Ocean acidification has a massive impact on some of the ocean’s smallest inhabitants, in particular upon the tiny molluscs known as pteropods. These zooplankton, seldom larger than a centimetre in length, are actually sea snails in which the foot has divided to become wing-like appendages that they use to propel themselves through the water. Seen through a microscope pteropods are creatures of extraordinary, otherworldly beauty, their almost transparent wings emerging from translucent shells whose cones and whorls resemble impossibly delicate ice sculptures. The intricate structures of these shells are incredibly thin, ranging from 6 to 100 thousandths of a millimetre in thickness, and as a result, are particularly vulnerable to acidifying waters: placed in water for six weeks with the sorts of acidity levels expected by the end of the century, pteropods’ shells simply dissolve. In the Arctic, where melting sea ice is causing rapid changes to ocean chemistry, changes in pteropod shells have already been observed, while Antarctic waters are expected to reach similar levels of acidity within a decade or two.
Krill are also likely to be seriously affected by acidification. Usually no more than a centimetre or two in length, these shrimplike crustaceans gather in vast schools that can spread across hundreds of square kilometres. Although the populations of most krill species are immense, none comes close to that of the Antarctic krill. Even allowing for recent reductions caused by changes in sea ice, Antarctic krill is the most abundant species on Earth, with a population of 300 to 400 trillion and a combined biomass that exceeds that of every human on the planet. Yet even the Antarctic krill’s astonishing abundance may not be enough to save it from the effects of acidification: in 2013 a study by Australian Antarctic Division scientists found acidifying waters interfere with the complex life cycle of the krill, and could push them towards a tipping point beyond which their numbers might collapse.
Fish, whales and many bird species rely on krill for survival; crabeater seals alone consume more than 100 million tonnes of krill every year. As the Australian Antarctic Division study noted, in a departure from the carefully anodyne language that characterises most scientific reports, any collapse in krill populations would have “catastrophic consequences” for marine mammals and birds of the Southern Ocean.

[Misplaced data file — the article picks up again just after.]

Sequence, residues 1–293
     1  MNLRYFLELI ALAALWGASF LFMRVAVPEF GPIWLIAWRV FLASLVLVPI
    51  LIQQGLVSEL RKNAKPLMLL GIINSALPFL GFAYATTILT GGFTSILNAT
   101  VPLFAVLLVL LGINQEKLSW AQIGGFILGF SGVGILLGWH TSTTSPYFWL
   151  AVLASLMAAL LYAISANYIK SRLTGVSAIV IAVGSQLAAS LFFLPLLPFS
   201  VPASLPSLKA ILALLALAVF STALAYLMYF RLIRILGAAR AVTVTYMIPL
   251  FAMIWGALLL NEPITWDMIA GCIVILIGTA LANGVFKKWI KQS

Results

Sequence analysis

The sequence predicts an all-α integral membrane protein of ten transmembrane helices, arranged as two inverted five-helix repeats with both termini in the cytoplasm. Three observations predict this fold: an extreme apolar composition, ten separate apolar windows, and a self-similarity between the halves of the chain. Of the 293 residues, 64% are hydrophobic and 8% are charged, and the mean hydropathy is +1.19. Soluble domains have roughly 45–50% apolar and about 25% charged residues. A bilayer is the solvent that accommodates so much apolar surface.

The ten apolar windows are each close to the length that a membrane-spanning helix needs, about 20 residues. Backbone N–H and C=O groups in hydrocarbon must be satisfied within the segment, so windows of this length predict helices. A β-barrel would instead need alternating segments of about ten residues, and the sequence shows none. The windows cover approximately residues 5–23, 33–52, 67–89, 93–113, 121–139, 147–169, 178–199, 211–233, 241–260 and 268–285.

It is not really a surprise that we find it difficult to assimilate this sort of information. Our ability to conceptualise fundamental changes to the world we inhabit is extremely limited, as is our capacity to think meaningfully about problems that are years or even decades away. To exist in a moment in which geological time and human time are collapsing into each other is to be brought up against the bounds of our imaginations.
This problem is amplified when it comes to the ocean: although we may know one part of the coastline intimately, the ocean’s immensity means that for most of us the rest of the ocean remains essentially unknown, a trackless non-place. Nowhere is this clearer than in the way contemporary travel reduces the ocean to a blue emptiness glimpsed in passing through a window or, just as often, a blue space on a screen.
An awareness of this is one of the things that drives Jennifer Lavers. “People can’t care about what they don’t know about. You can’t inspire people to fight for things they don’t even know exist. Ninety-nine point nine per cent of the world’s population will never go to Henderson, it’s completely off limits. So, for me, it wasn’t just about collecting data and crunching numbers; it was about telling a story that helped people feel a connection with these places. I have to show people how beautiful these islands are, how special these species are, how important their ecosystems are, then they can understand the tragedy of what’s happening.”
Yet there is no question we are on the brink of a moment unimaginable even a generation ago. “We’re at a point of complete transformation,” says Professor Jessica Meeuwig, director of the Centre for Marine Futures at the University of Western Australia. “A few years ago the French marine biologist Daniel Pauly said that at the rate we’re fishing down the food web it won’t be long before we’ll all be eating jellyfish. A few weeks ago I was in Beijing and I went to the fish markets and where once they would have been full of fish, I was overwhelmed by the amount of jellyfish and other invertebrates that were being sold.”